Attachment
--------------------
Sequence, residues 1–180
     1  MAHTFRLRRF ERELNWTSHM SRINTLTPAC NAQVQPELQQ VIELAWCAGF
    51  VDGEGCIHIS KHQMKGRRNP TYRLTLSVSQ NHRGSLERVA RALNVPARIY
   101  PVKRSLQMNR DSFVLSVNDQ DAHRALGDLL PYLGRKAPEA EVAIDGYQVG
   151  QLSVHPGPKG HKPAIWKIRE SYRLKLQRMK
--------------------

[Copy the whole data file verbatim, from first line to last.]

Sequence, residues 1–180
     1  MAHTFRLRRF ERELNWTSHM SRINTLTPAC NAQVQPELQQ VIELAWCAGF
    51  VDGEGCIHIS KHQMKGRRNP TYRLTLSVSQ NHRGSLERVA RALNVPARIY
   101  PVKRSLQMNR DSFVLSVNDQ DAHRALGDLL PYLGRKAPEA EVAIDGYQVG
   151  QLSVHPGPKG HKPAIWKIRE SYRLKLQRMK